Far above the sea of pillow-soft cloud which rolls in languid waves above the Atlantic, the white towers and domes of some of the most important observatories on the planet line the northwest rim of the volcano between the Pico de la Fuente Nueva and El Roque de los Muchachos. A series of trails thread their way precariously round the edge of this rim and lead very close to the buildings, affording a bird's eye view of them silhouetted against the Atlantic.
Each evening, as the observatories open their shutters to cool the telescopes in readiness for a night of observation, the most amazing sunsets light up the sky and the churning cloud with colours straight from a baroque-era paintbox, while the shadow of the island streams away over the cloud-covered ocean to the east. Within these amazing structures, teams of international scientists are busy discovering the mysteries of our universe by studying planets, asteroids, comets, black holes, galaxies and our sun. The William Herschel telescope is so powerful that it could see a candle burning on the moon.
Along with the three enormous gamma ray-detecting MAGIC telescopes with their dozens of gleaming hexagonal mirrors staring off into space like the compound eyes of giant insects, these futuristic observatories are incredibly photogenic.
We were extremely fortunate to kick off our visit with a guided tour of the Gran Telescopio Canarias, the world’s largest single-aperture optical telescope housed inside a gleaming silver cupola measuring 33 metres. Construction of the telescope took seven years and cost €130 million. First light was achieved in 2007 and scientific observations began in 2009.
Inside we stared in awe at the enormous mirror which is almost 11 metres in diameter. It consists of 36 hexagonal pieces which can be moved separately from each other, and the shape of each piece can also be changed. These two types of movements compensate for changes in the observed light caused by atmospheric attenuation. The telescope is mounted in a system that moves both in altitude and in azimuth to observe any point in the sky. Seeing it up close really set the scene for the exciting night sky observation and photography we were undertaking on La Palma.
Although each of La Palma’s 14 municipalities has its own astro-viewing point complete with information boards and signs detailing constellations to look out for, the best places for astrophotography are near the summit of the island. The LP-4 road leads up the mountainside in a seemingly endless series of tight hairpin bends, passing out of the shady pine forest onto the broom-covered upper slopes of the volcano which are ablaze in spring with fragrant lemon-yellow flowers. Tall spires of flaming tajinaste rojo line the road. Close to the summit, a minor road branches off the LP-4, leading uphill towards a car park at the Roque de los Muchachos, offering incredible views down over the silver dome of the Gran Telescopio Canarias with the Atlantic Ocean forming an impressive backdrop. At dusk this road is closed to all traffic to ensure that no light pollution disturbs the science, but it is possible to walk to the Roque de los Muchachos along one of the many rim trails.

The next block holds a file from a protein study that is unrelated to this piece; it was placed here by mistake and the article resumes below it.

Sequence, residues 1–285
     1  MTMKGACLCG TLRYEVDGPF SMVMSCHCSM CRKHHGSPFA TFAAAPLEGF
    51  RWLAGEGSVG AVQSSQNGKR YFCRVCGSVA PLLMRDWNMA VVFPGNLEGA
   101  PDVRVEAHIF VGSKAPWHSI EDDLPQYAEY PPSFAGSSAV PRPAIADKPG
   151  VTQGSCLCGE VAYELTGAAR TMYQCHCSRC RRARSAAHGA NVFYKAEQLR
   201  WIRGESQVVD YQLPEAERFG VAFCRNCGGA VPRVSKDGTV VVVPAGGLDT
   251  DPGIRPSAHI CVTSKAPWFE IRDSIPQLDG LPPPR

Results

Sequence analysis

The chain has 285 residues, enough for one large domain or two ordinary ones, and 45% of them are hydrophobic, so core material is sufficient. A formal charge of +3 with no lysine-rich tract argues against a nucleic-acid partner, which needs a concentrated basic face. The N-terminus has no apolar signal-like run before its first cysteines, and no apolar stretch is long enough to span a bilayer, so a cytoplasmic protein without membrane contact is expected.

Continuing east along the LP-4, there are stunning views of the MAGIC telescopes which look otherworldly as their gleaming mirrors reflect the inverted layers of colour and light made by the sky, cloud and earth. At night, the stars twinkle in them like Swarovski crystals. The road then continues below the numerous telescopes strung out along the rim of the crater, before passing through a chaotic multi-coloured landscape of baked and scorched rust-red earth, buff-coloured ash and pumice, and petrified cliffs of steel-grey lava.
At one point it crosses a mere knife-edge of rock near the Mirador de los Andenes. At night this north-facing spot is a fantastic place to set up a tripod, as no hiking is required to get a great view of the Milky Way arching over the enormous Caldera de Taburiente, with the opalescent ever-present cloud roiling in waves 2,000 metres below at the coast.